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- Theflyersfan The two Louisville truck plants are still operating, but not sure for how much longer. I have a couple of friends who work at a manufacturing company in town that makes cooling systems for the trucks built here. And they are on pins and needles wondering if or when they get the call to not go back to work because there are no trucks being made. That's what drives me up the wall with these strikes. The auto workers still get a minimum amount of pay even while striking, but the massive support staff that builds components, staffs temp workers, runs the logistics, etc, ends up with nothing except the bare hope that the state's crippled unemployment system can help them keep afloat. In a city where shipping (UPS central hub and they almost went on strike on August 1) and heavy manufacturing (GE Appliance Park and the Ford plants) keeps tens of thousands of people employed, plus the support companies, any prolonged shutdown is a total disaster for the city as well. UAW members - you're not getting a 38% raise right away. That just doesn't happen. Start a little lower and end this. And then you can fight the good fight against the corner office staff who make millions for being in meetings all day.
- Dusterdude The "fire them all" is looking a little less unreasonable the longer the union sticks to the totally ridiculous demands ( or maybe the members should fire theit leadership ! )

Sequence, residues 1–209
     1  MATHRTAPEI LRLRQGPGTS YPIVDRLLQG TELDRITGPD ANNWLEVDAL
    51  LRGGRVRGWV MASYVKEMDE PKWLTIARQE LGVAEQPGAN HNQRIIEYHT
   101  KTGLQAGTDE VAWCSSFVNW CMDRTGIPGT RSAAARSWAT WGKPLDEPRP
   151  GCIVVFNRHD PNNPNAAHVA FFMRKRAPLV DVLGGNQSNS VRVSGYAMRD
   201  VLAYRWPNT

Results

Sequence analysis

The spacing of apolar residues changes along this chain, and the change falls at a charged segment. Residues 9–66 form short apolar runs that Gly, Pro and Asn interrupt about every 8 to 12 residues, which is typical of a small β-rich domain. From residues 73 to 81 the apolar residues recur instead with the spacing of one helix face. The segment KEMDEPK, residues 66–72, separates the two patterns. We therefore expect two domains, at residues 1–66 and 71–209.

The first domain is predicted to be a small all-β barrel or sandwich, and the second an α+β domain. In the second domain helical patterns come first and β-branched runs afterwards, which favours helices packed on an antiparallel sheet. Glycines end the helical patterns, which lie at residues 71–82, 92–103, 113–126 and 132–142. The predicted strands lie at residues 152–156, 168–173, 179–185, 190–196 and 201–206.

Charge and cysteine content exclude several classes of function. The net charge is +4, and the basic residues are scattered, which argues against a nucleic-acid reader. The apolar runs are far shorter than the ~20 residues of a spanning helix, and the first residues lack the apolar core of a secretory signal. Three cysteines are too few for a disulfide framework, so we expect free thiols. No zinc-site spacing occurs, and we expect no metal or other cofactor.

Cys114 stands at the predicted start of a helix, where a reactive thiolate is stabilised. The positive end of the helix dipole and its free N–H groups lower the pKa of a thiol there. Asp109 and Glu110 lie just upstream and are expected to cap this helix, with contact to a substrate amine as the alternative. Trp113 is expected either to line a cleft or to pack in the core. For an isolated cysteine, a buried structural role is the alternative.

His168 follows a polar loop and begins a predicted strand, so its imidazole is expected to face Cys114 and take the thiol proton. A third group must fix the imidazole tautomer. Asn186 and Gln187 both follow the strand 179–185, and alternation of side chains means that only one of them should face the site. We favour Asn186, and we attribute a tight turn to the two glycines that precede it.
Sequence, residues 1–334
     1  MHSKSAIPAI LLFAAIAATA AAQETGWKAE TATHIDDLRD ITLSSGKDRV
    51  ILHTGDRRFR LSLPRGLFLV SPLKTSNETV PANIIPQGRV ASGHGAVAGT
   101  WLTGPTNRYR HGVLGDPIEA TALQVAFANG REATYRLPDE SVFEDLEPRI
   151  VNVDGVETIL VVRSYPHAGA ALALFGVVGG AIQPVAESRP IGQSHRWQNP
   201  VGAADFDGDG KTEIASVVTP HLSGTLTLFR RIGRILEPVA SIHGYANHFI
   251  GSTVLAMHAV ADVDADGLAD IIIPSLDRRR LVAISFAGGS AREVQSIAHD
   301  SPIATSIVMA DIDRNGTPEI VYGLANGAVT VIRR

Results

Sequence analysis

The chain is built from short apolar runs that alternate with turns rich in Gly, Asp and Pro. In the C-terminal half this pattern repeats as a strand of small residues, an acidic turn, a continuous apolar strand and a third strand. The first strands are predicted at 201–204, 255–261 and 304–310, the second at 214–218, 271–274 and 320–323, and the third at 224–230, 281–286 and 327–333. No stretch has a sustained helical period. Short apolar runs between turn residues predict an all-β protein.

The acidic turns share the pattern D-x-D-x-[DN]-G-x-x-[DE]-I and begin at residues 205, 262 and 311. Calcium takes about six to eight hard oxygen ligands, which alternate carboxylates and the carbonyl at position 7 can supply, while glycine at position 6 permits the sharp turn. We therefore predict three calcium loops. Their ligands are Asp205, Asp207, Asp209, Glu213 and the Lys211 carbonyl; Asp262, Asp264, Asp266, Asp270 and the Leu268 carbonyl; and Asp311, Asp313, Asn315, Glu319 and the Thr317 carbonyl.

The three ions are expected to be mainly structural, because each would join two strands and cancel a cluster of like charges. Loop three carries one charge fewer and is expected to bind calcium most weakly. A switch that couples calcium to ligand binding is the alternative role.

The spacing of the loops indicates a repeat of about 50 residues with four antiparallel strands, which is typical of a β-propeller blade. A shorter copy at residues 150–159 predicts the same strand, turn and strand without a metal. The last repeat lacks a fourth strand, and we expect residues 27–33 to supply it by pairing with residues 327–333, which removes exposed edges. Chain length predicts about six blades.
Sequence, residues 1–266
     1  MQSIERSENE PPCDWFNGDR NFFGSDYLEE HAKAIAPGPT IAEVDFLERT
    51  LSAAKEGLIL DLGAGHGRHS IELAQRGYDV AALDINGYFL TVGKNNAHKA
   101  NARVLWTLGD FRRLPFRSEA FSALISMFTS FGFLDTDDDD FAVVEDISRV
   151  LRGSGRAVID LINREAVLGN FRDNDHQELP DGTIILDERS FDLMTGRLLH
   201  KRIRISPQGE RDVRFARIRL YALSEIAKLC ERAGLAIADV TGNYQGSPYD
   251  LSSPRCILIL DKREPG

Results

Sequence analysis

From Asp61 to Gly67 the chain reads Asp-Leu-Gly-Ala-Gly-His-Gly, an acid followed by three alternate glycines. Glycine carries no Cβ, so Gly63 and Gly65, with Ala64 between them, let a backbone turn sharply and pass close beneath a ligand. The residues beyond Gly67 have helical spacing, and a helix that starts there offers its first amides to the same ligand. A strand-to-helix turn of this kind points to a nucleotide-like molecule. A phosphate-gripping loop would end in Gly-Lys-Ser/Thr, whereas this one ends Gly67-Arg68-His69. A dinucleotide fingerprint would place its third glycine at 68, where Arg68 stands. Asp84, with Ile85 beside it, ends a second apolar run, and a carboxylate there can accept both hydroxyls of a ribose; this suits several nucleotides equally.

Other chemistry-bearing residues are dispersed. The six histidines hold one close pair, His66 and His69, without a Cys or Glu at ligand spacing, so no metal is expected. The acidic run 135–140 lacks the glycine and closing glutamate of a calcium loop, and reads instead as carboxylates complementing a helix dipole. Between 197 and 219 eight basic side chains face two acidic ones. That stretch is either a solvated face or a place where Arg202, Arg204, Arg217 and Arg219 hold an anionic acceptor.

- Thehyundaigarage Yes, Canadian market vehicles have had immobilizers mandated by transport Canada since around 2001.In the US market, some key start Toyotas and Nissans still don’t have immobilizers. The US doesn’t mandate immobilizers or daytime running lights, but they mandate TPMS, yet canada mandates both, but couldn’t care less about TPMS. You’d think we’d have universal standards in North America.
- Alan I think this vehicle is aimed more at the dedicated offroad traveller. It costs around the same a 300 Series, so its quite an investment. It would be a waste to own as a daily driver, unless you want to be seen in a 'wank' vehicle like many Wrangler and Can Hardly Davidson types.The diesel would be the choice for off roading as its quite torquey down low and would return far superior mileage than a petrol vehicle.I would think this is more reliable than the Land Rovers, BMW make good engines. https://www.drive.com.au/reviews/2023-ineos-grenadier-review/
- Lorenzo I'll go with Stellantis. Last into the folly, first to bail out. Their European business won't fly with the German market being squeezed on electricity. Anybody can see the loss of Russian natural gas and closing their nuclear plants means high cost electricity. They're now buying electrons from French nuclear plants, as are the British after shutting down their coal industry. As for the American market, the American grid isn't in great shape either, but the US has shale oil and natural gas. Stellantis has profits from ICE Ram trucks and Jeeps, and they won't give that up.